Hot, dry spell damaging Indiana corn and soybean crops
August 29, 2013
The leaves of some plants in this cornfield in southern Tippecanoe County have wilted and turned brown. (Purdue Agricultural Communication photo/Tom Campbell)
WEST LAFAYETTE, Ind. - Hot, dry weather that has returned to Indiana is beginning to take its toll on the state's corn and soybean crops, which Purdue Extension specialists said needed rain within days to keep them from deteriorating further.
"A month ago I was very optimistic about the size of this corn crop, but now I'm less so," said corn specialist Bob Nielsen.
The U.S. Department of Agriculture projected earlier this month that Indiana farmers would produce 979.4 million bushels of corn - annually the state's largest crop - compared with the drought-reduced 596.9 million bushels last year.
Nielsen said yields in individual, drought-stressed fields could fall by as much as 10 percent because of the dry spell. Yield loss would be in the form of reduced kernel weights, not numbers of kernels per ear, because most of the crops were well into the grain filling period when the dryness hit.
The yellowish section of a soybean field shows that plants on a hillside are "burning up" from lack of water. This is among the worst-looking soybean fields that Purdue Extension soybean specialist Shaun Casteel has seen so far this year. (Purdue Department of Agronomy photo/Shaun Casteel)
"It's certainly not as bad as last year," Nielsen said. "We were optimistic this year that we'd see exceptional yields, but now we may have to settle for good yields."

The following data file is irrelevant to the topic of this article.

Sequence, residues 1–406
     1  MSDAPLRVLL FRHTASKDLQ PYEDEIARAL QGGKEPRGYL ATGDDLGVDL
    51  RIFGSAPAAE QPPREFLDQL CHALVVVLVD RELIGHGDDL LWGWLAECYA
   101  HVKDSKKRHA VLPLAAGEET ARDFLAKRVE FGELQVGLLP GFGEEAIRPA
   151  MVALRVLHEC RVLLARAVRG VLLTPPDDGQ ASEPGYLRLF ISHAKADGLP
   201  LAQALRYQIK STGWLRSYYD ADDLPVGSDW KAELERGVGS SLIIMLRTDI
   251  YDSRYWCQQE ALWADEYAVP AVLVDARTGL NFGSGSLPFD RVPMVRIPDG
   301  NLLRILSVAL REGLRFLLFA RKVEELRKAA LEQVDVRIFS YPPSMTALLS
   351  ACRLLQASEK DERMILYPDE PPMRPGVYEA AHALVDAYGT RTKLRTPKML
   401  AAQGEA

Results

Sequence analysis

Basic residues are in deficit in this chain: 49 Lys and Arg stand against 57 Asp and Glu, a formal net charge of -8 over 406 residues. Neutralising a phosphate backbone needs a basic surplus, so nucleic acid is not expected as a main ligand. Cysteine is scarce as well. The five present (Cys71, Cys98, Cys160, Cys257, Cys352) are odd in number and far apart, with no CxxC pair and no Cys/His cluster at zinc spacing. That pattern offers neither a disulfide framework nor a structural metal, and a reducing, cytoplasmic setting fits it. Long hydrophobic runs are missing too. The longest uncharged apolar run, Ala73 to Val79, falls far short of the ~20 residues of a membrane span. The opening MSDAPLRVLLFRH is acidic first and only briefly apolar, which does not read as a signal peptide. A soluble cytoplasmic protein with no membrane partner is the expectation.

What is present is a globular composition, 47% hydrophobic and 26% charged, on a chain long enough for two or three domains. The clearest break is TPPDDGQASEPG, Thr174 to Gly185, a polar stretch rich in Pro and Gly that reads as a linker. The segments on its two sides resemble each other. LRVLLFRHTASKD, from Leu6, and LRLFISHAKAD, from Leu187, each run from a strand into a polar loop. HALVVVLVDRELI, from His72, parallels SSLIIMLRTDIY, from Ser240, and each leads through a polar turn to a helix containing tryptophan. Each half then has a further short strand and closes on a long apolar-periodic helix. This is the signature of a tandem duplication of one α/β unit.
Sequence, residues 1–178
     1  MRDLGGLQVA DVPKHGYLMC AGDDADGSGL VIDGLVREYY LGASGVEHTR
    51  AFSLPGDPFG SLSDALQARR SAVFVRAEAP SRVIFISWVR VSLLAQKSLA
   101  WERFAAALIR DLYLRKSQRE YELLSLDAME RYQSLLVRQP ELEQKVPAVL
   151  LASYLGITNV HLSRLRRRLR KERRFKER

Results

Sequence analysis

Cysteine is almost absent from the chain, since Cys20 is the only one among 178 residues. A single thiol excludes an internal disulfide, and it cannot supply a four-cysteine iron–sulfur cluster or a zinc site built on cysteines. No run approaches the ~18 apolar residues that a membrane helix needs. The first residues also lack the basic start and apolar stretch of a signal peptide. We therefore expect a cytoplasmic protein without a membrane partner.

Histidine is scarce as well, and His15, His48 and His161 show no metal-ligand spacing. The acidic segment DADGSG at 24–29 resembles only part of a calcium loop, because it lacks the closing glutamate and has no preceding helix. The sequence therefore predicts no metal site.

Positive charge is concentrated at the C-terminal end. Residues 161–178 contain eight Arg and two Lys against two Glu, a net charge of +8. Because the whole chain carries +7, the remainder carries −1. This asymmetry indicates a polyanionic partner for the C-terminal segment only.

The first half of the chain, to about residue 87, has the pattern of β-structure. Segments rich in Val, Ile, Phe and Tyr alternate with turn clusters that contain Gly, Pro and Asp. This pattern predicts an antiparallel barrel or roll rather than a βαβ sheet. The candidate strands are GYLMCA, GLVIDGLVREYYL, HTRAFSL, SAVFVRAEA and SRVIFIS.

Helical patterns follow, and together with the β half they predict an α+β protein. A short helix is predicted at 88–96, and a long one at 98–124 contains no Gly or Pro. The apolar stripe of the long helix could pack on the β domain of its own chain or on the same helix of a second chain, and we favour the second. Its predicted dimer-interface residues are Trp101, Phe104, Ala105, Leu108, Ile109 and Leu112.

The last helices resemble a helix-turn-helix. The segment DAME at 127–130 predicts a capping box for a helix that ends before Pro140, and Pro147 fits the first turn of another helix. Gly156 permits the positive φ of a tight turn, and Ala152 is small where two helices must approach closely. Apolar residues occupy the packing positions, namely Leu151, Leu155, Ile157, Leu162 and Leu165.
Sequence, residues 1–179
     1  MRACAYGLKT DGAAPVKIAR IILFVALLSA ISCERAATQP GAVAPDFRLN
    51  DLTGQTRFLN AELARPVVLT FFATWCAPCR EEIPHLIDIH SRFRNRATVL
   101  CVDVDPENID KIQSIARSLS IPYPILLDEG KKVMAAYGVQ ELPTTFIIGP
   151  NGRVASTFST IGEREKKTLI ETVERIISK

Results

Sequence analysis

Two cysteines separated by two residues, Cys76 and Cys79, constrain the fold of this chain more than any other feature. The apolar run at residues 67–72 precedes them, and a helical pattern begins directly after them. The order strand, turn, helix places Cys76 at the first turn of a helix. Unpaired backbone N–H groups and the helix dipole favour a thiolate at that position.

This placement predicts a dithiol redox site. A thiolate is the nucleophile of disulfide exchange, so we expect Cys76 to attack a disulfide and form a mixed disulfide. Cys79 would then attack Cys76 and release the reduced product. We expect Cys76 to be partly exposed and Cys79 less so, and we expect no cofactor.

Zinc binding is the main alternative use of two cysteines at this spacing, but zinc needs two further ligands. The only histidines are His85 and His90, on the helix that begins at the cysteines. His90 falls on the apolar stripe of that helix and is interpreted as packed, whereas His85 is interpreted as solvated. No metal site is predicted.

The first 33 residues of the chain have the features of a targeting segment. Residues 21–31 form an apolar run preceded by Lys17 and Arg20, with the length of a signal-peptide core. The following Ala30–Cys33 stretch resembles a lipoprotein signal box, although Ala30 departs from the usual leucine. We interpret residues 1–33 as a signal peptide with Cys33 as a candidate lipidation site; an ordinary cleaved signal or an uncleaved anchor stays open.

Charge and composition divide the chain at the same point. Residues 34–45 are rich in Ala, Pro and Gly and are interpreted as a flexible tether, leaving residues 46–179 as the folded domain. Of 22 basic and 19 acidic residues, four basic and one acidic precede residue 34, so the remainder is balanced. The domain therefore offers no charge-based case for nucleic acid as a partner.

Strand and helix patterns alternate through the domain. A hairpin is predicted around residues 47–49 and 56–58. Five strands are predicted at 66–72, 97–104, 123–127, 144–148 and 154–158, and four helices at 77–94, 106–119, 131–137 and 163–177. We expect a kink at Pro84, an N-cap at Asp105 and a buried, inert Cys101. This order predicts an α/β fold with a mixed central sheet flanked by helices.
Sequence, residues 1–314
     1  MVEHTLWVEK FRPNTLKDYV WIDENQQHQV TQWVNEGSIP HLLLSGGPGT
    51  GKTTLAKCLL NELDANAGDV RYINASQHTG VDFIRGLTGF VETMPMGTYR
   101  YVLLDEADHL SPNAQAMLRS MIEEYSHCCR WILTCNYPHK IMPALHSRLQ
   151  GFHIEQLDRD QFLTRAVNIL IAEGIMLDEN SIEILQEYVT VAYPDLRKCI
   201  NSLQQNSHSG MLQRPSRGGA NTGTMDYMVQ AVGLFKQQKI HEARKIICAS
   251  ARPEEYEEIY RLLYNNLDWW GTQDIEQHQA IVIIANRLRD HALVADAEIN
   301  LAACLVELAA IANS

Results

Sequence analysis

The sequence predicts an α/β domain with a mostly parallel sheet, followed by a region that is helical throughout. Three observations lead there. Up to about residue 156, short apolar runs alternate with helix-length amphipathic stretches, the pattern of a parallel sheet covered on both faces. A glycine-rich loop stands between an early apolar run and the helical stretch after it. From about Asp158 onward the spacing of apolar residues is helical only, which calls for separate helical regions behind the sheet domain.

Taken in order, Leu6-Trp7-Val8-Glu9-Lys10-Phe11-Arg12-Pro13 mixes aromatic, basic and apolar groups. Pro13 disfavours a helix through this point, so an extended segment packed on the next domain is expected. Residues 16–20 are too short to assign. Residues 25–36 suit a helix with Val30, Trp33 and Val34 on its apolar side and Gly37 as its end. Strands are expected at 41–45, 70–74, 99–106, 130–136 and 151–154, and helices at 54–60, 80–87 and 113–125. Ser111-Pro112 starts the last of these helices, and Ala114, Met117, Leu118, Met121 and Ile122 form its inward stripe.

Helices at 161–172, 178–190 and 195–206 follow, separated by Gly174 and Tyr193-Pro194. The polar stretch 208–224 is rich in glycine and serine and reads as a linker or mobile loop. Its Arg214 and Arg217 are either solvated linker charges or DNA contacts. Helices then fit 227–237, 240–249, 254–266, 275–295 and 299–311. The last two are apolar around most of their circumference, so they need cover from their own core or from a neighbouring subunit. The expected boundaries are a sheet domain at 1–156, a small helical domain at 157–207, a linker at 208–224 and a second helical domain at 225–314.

Although Nielsen said it's too late for the crop to recover, a widespread, soaking rain within a few days could prevent further damage and yield loss.
The state's soybeans also are at a critical time, said soybean specialist Shaun Casteel.
"We need rain to retain pods and to finish seed fill," Casteel said. "The hilltops of some fields are burning up, and those plants will not recover. But there isn't that much severe stress in most of the state.
"Even if soybeans lost pods due to this water stress, rain within the week would help yield recovery via seed size. It might prevent further deterioration. "
Some of the stress in soybeans is from conditions at planting time, Casteel said. Some fields delayed in planting have poor root systems from too much rainfall in June.
There was a chance of rain for Labor Day weekend, according to the State Climate Office, based at Purdue University. That would be followed by a strong but brief cold front before temperatures rise and conditions become mostly dry again the remainder of the week.
A return to normal temperatures, with a slight chance of below-normal precipitation, was in the outlook for the following week.
Drought last year shriveled farmers' crops and led to fire and watering bans across Indiana. The drought ended over the winter, and any remaining abnormally dry conditions were erased by frequent rain in the spring.
But the state has been caught in a dry spell in recent weeks. An average of 1.73 inches of rain fell across the state this month through Aug. 27, down 1.5 inch from the normal of 3.23, the State Climate Office said.
The U.S. Drought Monitor indicates that abnormally dry conditions have returned to most of the central and far northwest counties of Indiana. The Drought Monitor and the weekly Indiana Weather and Crop Report soil moisture survey of the U.S. Department of Agriculture concur that abnormal dryness covers about one-half of Indiana land.
The abnormally dry spell also is in states neighboring Indiana. Moderate drought, the first level of drought, is in Illinois. The State Climate Office will continue to monitor the conditions and provide updates as needed, said Dev Niyogi, state climatologist.
Writers: Jennifer Stewart, 765-494-6683, firstname.lastname@example.org
Keith Robinson, 765-494-2722, email@example.com
Sources: Bob Nielsen, 765-494-4802, firstname.lastname@example.org
Shaun Casteel, 765-494-0895, email@example.com
Dev Niyogi, 765-494-6574, firstname.lastname@example.org
Ken Scheeringa, associate state climatologist, 765-494-8105, email@example.com